Herschell Gordon Lewis, the famous marketing sage of Fort Lauderdale, Florida, and the author of 27 books, once published an article in Direct magazine on legalistic qualifiers that deter response to advertising.
Headlined “Up To No Good,” his article pinpointed how mealy-mouthed phrases such as “up to” damage an advertiser’s credibility, trigger complaints, and water down sales pitches. Lewis cites these 6 examples:
You may have won a cash prize of up to $4,500!
Maybe, and maybe not, Lewis says. He notes that your prize could be $1, and the statement still would be literally true. “It’s harmless enough, except for its contribution to the reader’s overall skepticism about advertising offers.”
”Save up to $22,000*”
This copy, Lewis grumps, came from a mailing by a Lincoln-Mercury dealer. But the mailing never explained the $22,000. And the asterisk dangled there, referring to nothing.
Fake check mailing for “The sum of up to six thousand and 00/100 dollars”
“Yeah, take that one to the bank,” Lewis comments.
Certificate for “Up to $1,080” in phone minutes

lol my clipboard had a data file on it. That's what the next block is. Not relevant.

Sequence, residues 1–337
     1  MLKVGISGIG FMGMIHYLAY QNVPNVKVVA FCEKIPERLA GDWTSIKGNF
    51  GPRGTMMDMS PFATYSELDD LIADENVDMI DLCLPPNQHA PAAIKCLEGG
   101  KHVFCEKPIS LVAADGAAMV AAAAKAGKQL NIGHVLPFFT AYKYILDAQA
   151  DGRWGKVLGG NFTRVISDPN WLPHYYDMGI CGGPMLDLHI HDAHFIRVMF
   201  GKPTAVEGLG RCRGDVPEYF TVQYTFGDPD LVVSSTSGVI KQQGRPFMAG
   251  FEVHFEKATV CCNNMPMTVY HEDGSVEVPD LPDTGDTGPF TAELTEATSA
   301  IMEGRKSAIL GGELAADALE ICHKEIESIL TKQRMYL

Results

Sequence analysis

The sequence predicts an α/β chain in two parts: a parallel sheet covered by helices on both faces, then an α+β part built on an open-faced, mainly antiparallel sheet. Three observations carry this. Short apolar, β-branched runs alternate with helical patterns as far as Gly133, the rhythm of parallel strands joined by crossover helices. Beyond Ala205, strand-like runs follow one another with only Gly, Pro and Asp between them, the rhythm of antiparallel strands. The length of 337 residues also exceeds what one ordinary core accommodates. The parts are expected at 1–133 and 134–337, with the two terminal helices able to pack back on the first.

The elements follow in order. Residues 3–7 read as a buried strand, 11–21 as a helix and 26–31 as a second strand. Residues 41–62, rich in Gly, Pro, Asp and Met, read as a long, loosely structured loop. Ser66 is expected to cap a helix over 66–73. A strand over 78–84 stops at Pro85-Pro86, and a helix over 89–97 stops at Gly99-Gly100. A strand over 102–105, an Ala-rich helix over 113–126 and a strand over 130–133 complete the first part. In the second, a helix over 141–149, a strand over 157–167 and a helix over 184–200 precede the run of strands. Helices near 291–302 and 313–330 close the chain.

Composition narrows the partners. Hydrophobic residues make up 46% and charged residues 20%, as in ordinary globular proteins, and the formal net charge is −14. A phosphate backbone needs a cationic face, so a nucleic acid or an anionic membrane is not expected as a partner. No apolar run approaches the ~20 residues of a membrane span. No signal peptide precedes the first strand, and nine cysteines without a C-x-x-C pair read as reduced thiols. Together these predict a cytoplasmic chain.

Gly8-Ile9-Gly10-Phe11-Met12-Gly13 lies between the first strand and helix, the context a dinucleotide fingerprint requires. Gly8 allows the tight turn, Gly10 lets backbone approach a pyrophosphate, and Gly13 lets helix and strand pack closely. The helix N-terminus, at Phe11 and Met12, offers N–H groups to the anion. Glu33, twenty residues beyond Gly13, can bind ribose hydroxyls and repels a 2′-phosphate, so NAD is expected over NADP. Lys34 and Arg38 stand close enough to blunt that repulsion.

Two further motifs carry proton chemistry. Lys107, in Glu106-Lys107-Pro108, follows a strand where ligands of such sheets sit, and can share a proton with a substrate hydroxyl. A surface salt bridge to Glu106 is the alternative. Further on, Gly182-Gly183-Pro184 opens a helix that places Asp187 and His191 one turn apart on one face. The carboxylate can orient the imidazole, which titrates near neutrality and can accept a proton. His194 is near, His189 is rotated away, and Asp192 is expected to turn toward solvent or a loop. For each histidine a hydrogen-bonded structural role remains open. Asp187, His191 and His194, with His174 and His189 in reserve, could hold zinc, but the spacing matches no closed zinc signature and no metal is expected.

Buried in the fine print, Lewis writes, the reader can discover that the minutes are calculated at a very costly 45¢ each.
”Up to $100 cash back”
Bell South made this offer in a space ad. “In what appears to be two-point type,” Lewis complains, “the phone company explains that it is offering a $25 coupon to customers who sign up for premium services.”
”Earn up to 7,500 bonus miles inside*”
A mailing from Frontier Airlines trumpeted this offer on its outer envelope. “Sigh,” Lewis remarks. “The combination of that deadly word, ‘earn’ coupled with ‘up to’ and that cursed asterisk, bode no good.”
Instead of “up to,” Lewis, an internationally respected copywriter, suggests using the phrase “as much as.” The difference may strike you as subtle, he observes, “but it’s no more insignificant than the difference between salesmanship and duplicity.”
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